An Interactive Digital Art Catalogue for the Humanities: The On-Line Picasso Project
Computers and digital media have become the norm in the cataloguing of artists' works at museums and galleries throughout the world. Use of the internet as a teaching and research tool is also a major motivation in current education philosophy in the Humanities. The On-Line Picasso Project (OPP) presented in this paper links these two trends, proposing an interactive digital art catalogue as an essential tool in promoting and understanding art and culture in the Humanities. The OPP provides the perfect example of multimedia at its finest. The specific architecture of the OPP consists of a set of open relational databases that store digitalized artworks, commentaries and bibliographies on Picasso separately. Vast documentation on up to date scholarship on the artist's oeuvre as it is conducted in institutions throughout the world enhances the thousands of art illustrations available. However, the databases are also fully interconnected. Edited commentaries are directly linked to entries in the other databases. One of the consequences of the OPP is that researchers in the arts and cultural studies can have access to an incredible amount of condensed information from hundreds of sources in one single cyber space. The OPP is open and interactive, including a set of authoring tools that enable the addition and modification of information, as well as the creation of a truly dynamic catalogue. The detailed search methods, enhanced by multiple visualizations permitted, allow researchers and students to create their own system of comparison and re-combination in a variety of media. By providing multiple perspectives on any of the works included, students and scholars are able to determine the validity of the analyses and proposals being presented in the literature, and they can develop their own views, which may then be even added to the OPP itself, thus further enriching the databases.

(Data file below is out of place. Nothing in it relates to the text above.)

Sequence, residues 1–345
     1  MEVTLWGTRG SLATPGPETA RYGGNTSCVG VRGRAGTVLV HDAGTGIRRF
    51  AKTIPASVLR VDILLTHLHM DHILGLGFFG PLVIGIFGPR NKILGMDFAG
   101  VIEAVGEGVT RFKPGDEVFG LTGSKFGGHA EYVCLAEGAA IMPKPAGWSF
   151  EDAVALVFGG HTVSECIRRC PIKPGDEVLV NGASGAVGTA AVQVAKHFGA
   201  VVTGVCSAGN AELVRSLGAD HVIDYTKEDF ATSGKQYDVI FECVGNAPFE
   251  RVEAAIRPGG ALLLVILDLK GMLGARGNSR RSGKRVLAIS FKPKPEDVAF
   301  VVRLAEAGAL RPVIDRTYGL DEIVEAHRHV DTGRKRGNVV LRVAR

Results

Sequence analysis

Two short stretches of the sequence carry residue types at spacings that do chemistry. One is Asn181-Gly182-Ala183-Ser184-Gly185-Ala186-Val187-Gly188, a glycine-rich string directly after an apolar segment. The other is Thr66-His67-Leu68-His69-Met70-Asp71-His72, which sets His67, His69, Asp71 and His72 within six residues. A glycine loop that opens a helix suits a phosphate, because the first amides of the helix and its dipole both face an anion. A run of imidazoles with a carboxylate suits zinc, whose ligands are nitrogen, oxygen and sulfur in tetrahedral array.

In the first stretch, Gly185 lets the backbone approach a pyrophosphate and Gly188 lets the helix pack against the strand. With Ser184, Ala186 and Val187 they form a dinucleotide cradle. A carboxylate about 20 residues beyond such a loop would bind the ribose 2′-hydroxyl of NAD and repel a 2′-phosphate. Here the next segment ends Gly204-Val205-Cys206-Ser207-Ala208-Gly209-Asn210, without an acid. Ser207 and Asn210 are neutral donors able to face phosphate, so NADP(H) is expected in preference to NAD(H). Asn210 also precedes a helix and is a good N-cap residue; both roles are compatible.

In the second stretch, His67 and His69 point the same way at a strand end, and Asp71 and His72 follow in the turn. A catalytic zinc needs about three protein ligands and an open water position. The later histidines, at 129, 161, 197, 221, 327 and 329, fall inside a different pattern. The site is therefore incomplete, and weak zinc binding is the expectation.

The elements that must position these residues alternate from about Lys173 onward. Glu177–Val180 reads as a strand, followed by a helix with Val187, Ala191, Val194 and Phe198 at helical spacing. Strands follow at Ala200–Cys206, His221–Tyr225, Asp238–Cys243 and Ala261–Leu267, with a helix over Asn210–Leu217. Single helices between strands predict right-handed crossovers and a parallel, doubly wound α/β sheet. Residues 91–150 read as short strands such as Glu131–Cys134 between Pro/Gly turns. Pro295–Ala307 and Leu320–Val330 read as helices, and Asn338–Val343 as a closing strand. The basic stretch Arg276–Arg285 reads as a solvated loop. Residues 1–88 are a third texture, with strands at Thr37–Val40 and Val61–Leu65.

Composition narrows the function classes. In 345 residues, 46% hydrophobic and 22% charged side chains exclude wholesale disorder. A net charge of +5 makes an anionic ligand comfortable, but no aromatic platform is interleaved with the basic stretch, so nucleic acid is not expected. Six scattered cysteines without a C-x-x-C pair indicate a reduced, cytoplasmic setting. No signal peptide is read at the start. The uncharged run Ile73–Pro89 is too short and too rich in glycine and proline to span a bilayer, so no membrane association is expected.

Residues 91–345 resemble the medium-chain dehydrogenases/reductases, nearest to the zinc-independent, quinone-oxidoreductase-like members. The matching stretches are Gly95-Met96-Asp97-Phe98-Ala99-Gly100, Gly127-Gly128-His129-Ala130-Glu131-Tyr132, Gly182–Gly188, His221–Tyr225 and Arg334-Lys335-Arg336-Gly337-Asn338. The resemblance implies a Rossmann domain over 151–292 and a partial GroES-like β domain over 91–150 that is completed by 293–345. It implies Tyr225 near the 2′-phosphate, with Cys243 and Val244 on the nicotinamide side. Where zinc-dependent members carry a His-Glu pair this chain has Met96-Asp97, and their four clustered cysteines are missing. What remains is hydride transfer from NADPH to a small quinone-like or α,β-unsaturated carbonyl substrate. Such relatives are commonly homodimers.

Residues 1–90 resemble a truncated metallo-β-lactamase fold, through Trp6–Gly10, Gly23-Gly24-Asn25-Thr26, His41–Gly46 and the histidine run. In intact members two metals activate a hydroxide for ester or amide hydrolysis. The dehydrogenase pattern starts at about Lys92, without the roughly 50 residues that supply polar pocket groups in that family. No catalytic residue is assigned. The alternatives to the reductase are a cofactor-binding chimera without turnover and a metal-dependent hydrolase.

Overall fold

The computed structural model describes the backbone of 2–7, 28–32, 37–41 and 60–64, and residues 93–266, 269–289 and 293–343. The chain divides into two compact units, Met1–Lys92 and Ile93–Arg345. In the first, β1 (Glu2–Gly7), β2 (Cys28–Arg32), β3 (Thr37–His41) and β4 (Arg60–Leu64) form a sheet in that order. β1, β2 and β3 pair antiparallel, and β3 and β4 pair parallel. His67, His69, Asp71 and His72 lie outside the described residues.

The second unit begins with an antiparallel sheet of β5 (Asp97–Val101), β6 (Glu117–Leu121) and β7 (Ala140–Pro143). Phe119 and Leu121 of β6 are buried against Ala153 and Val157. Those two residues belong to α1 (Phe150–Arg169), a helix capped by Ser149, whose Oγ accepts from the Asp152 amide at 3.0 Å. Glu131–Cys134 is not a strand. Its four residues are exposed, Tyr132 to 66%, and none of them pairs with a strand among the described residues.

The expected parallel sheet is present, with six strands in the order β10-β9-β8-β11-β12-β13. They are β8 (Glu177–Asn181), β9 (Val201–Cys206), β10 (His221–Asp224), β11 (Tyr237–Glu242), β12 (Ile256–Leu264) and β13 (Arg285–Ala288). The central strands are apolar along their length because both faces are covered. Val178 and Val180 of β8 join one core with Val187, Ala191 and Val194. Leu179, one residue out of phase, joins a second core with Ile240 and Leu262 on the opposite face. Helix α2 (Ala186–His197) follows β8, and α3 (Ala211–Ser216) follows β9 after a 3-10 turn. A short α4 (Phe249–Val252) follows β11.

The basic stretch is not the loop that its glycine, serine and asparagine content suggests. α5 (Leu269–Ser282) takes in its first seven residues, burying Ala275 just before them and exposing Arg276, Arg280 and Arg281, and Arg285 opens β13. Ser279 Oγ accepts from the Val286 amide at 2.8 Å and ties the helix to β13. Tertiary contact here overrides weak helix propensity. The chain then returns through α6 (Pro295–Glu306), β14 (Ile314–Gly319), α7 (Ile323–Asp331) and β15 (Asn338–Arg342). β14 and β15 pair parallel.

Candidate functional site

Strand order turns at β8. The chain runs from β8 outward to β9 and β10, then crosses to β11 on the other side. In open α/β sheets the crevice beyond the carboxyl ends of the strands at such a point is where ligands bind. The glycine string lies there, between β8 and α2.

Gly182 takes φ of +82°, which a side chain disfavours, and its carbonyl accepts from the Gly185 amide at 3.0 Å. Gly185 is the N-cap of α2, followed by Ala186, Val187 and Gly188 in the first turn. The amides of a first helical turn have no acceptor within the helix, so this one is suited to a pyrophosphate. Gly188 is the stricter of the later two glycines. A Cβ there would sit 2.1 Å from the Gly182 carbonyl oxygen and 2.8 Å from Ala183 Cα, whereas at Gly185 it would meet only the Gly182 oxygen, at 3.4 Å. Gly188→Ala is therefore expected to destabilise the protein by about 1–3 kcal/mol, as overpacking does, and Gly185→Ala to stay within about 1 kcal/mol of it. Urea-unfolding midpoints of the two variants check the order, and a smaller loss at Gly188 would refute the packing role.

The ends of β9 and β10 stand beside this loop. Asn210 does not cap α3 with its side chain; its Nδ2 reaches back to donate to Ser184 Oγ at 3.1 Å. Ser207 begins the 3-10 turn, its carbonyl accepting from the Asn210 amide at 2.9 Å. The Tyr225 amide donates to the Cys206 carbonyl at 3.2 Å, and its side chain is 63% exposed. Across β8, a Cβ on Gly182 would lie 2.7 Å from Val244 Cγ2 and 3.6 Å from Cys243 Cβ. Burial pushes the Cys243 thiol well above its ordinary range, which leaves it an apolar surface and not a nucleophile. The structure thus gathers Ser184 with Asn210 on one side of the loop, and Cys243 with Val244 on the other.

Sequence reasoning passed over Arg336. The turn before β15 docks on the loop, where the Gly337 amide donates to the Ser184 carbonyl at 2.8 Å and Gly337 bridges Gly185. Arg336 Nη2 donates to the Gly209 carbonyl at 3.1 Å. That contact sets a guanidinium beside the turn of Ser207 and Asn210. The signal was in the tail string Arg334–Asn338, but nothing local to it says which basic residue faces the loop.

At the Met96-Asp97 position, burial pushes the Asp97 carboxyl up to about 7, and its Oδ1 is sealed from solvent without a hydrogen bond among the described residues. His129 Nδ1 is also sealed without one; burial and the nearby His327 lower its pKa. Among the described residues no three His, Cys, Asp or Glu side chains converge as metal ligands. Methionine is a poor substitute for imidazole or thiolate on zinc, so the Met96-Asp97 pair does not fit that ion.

Keywords: digitalized artwork, catalogue, authoring tools, interactive databases
Dr. Enrique Mallen
Professor, Department of Hispanic Studies, Texas A&M University